When a man tells us that he feels the Burma Center, where the Burmese American Initiative is operated, exists just to help him, then I know we are making progress. When a woman tells us that she again feels hopeful about the future, that we lifted the weight off her shoulder, then I know we are making progress. And when clients talk openly about where they would be if not for the Burma Center, then I know we are making progress. And when the Early Childhood Connections Friday morning playgroup is so popular that children are overflowing out of the Burma Center, I know we’re making progress.
What are you most proud of?
I am most proud of the fact that we give people hope for their future.
I am most proud of the fact that we give people hope for their future. 
For example, we guided young adults through financial aid applications and community college applications. We continue that assistance and advocacy through direct communication with their instructors to help them transition into college students. These college students are excited about possibilities.
Recently we organized and held a community town hall meeting to address the mistreatment by an agency that new Burmese refugees endured. We heard their stories and knew "if not for us, then who?" The new refugees were very nervous to speak up. We accompanied them, stood with them, and empowered them to tell their stories. We conducted the town hall style meeting in a way that honored the dignity of all parties, including the agency and its personnel, while giving the refugees the platform to share their experiences. As a result we have a task force forming to ensure that refugees are treated with dignity going forward. The people are empowered by their own courage to speak up and they are optimistic about the future.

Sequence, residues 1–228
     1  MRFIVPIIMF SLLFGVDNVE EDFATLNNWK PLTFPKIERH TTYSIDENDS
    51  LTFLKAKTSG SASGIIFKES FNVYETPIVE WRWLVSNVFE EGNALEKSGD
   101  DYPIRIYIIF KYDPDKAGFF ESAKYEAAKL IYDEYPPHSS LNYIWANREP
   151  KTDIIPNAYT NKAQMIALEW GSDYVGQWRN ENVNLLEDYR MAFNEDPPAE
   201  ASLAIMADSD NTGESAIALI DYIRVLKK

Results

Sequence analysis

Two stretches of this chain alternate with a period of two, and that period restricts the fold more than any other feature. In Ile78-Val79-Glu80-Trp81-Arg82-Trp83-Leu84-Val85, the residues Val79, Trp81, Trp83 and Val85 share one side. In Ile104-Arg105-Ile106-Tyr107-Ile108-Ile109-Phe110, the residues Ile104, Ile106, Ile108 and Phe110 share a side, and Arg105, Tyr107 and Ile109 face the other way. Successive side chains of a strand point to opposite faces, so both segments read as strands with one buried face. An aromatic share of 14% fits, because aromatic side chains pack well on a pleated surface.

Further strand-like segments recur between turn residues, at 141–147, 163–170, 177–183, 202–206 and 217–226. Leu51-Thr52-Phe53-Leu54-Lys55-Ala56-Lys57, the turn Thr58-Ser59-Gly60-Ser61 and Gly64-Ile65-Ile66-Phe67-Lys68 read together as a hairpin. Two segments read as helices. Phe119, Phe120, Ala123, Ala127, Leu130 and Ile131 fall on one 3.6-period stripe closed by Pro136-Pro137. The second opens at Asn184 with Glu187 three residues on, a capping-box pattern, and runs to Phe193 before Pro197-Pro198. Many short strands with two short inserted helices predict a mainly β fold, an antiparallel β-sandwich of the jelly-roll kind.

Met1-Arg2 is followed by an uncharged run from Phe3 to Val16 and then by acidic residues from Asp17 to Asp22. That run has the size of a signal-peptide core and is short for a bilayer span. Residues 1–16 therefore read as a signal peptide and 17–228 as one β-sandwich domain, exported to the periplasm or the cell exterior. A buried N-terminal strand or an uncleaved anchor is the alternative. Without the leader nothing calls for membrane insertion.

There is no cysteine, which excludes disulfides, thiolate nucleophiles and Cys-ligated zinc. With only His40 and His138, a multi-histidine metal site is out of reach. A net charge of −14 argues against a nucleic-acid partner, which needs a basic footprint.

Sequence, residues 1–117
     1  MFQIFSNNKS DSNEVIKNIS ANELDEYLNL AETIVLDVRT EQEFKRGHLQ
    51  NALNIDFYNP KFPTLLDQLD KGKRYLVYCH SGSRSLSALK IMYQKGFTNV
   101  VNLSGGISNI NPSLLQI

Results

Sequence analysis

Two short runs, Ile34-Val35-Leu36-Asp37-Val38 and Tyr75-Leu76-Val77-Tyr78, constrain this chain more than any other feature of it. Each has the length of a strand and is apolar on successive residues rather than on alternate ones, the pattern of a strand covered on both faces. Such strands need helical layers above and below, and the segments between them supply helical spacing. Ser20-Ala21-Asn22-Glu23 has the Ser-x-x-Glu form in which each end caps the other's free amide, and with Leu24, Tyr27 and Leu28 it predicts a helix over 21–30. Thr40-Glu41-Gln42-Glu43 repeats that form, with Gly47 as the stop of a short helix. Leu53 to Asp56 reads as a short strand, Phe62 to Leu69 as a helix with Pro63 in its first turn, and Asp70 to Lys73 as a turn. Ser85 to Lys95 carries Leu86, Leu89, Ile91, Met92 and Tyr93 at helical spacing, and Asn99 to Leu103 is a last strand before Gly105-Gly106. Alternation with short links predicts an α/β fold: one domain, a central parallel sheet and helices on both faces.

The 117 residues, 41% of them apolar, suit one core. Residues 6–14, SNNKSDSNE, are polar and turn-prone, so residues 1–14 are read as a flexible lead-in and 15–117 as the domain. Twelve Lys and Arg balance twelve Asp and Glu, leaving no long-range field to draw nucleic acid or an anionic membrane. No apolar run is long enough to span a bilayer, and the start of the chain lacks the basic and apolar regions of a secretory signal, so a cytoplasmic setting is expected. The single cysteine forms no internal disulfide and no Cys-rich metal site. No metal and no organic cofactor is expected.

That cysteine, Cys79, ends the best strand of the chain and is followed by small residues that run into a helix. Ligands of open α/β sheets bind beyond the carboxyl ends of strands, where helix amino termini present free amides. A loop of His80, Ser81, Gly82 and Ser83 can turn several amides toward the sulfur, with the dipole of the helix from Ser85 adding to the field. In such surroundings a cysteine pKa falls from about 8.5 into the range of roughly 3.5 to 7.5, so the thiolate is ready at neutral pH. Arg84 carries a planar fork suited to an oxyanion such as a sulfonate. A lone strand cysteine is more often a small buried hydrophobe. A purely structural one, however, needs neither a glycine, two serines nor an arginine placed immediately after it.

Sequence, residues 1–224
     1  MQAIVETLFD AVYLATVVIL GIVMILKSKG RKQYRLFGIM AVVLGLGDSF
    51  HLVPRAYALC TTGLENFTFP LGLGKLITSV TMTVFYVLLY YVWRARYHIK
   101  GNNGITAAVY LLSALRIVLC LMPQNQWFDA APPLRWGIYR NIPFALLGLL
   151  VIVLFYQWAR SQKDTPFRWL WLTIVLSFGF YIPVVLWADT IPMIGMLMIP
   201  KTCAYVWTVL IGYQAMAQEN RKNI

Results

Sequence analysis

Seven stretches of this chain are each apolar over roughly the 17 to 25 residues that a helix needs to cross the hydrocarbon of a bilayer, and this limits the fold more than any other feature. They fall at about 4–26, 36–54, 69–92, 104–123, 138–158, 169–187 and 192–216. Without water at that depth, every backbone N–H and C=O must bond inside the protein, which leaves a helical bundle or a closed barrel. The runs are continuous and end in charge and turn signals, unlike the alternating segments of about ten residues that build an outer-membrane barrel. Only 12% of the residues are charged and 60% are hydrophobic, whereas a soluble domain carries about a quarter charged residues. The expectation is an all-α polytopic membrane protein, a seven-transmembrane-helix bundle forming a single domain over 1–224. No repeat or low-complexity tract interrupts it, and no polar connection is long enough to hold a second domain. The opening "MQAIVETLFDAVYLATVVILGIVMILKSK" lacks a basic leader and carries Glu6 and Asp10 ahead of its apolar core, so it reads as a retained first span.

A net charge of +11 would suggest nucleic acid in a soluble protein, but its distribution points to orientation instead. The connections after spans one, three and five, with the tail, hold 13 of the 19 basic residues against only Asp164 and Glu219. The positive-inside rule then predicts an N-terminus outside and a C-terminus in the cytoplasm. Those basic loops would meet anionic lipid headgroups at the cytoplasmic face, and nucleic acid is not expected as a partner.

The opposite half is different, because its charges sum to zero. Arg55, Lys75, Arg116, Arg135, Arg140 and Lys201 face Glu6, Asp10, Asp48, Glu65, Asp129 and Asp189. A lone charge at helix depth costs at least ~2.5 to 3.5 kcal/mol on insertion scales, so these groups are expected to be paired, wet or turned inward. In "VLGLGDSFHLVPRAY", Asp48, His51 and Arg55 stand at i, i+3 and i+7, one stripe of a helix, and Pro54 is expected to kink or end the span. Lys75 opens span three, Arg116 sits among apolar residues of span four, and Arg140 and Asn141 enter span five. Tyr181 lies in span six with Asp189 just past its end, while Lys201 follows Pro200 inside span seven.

What role have networks played in your professional career? How have those networks, both personal and private affected the work you are able to do?
Networks are the foundation of my career. They are the relationships that have allowed us to accomplish anything and everything. There are so many organizations that make us who we are—the Kellogg Foundation for funding us and connecting us to amazing people and their agencies; the First Congregational Church and its leaders for readily accepting the request to serve as fiscal sponsor and supporting us through very difficult situations; the religious organizing group JONAH for guiding us and standing behind us; the city of Springfield and its leadership for actively welcoming Burmese people; the Battle Creek Public Schools for giving us use of a middle school for ESL classes; the Lake Michigan Presbytery for believing in the people through their Self-Development of People funding for the community garden needs; the Early Childhood Connections team for breaking barriers and doing what made sense for the new population instead of what has always been done; the Family Health Center, WIC and other health care agencies for pursuing the heath education of Burmese people; Legal Services of South Central Michigan for their amazing dedication to helping Burmese clients with their unique situations; and the Michigan Immigrant Rights Center for connecting us to higher level systems, just to name a few.